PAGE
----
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With McCrory, cooler heads don’t prevail

At times of great tumult, great leaders lead, not gratuitously make things more tumultuous.

North Carolina would be in a better place today if Gov. Pat McCrory remembered that. He needs a good dose of Rudyard Kipling and his definition of what it means to be a man: “If you can keep your head when all about you are losing theirs and blaming it on you,” the British poet wrote in 1910. “If you can trust yourself when all men doubt you, but make allowance for their doubting too…”

McCrory has not been able to keep his head when others are blaming him, and while he surely trusts himself, he’s not making allowance for his critics’ doubting, too.

Thousands of protesters have gathered at the state legislative building in recent weeks for what’s become known as “Moral Mondays.” They object to many policies of the Republican-led General Assembly. Hundreds have been arrested for their civil disobedience.

No one expects McCrory or his Republican colleagues in the House and Senate to suddenly reverse course on their philosophy and beliefs and embrace the protesters’ views. These are deep, legitimate differences of opinion on public policy issues and on most of them, that gap will not be bridged.

What one would expect from a strong leader, however, would be – for starters – simple respect. Better yet, McCrory and Republicans could take the high ground by embracing the protesters and celebrating their passion for the state and their First Amendment right to assembly.

Instead, McCrory labeled the protesters, almost all of whom are from North Carolina, as “outsiders.” Rather than suggesting a dialogue, McCrory said one of his favorite songs is Tom Petty’s “I Won’t Back Down,” and that he and legislative leaders would stand firm against the protesters.

McCrory’s blustering has been tame compared with that of Rep. Thom Goolsby, R-New Hanover. In an op-ed in the Chatham Journal, Goolsby called the protests “Moron Mondays,” “complete with clowns, a carnival barker and a sideshow.” He called participants “aged former hippies,” “the radical fringe” and “the Loony Left.”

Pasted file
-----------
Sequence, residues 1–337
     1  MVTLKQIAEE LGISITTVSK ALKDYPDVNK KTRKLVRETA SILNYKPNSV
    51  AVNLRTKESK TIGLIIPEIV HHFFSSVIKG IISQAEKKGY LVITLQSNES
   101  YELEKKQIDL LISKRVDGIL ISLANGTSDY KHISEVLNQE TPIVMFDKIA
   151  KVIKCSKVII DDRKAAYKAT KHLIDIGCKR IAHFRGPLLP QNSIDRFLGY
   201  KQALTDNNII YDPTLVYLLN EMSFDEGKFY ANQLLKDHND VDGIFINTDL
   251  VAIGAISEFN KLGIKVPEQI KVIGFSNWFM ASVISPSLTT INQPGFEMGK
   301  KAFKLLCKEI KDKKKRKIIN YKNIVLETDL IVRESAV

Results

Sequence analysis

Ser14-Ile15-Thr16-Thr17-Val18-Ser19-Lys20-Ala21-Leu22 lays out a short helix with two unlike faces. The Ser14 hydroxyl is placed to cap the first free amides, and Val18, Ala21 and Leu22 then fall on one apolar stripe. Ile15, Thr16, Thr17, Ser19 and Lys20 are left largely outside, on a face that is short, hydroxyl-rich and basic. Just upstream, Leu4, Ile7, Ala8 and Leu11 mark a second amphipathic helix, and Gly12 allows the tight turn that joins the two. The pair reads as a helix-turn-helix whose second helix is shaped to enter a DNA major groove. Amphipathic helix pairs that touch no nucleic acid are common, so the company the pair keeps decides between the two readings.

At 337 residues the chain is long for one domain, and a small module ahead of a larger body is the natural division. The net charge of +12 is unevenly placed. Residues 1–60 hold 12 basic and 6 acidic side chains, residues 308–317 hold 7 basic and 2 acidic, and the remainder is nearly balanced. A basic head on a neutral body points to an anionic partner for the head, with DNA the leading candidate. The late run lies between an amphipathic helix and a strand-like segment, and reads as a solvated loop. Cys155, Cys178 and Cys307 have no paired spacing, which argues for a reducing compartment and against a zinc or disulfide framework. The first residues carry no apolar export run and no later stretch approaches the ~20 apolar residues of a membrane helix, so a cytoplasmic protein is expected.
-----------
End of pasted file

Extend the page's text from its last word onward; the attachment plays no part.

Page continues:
These labels presumably apply to some of the 46 percent of voters who voted against Goolsby in his close election seven months ago.

The protesters have raised the political temperature in North Carolina. McCrory, Goolsby and other Republicans, by belittling them and their views, have ratcheted that temperature up further. Now, the state is the focus of bad press nationally. This past Monday, a new low: A newspaper reporter – the Observer’s religion reporter, Tim Funk – was arrested while doing his job covering the protest. Police, knowing he was a reporter, slapped Funk in handcuffs as he was interviewing a protester, rather than displaying some judgment and moving him along.

McCrory campaigned in part on the idea that he was a bridge-builder, that he could unite North Carolina and bring different factions together. Turns out, he relishes a fight.

A better approach comes from, of all people, House Speaker Thom Tillis. Tillis, who is running for the U.S. Senate next year, told WNCN-TV that he’d like to have a dialogue with the protesters.

“I think they are people that have an honest disagreement. I really wish that we could find a way to engage them in a productive way…” Tillis said. “There are so many positive things we can do if we just lower the volume and sit down and talk and show some mutual respect. And I really welcome the opportunity to do that.”

Great idea, Speaker Tillis. Make it happen. And take Gov. McCrory with you.

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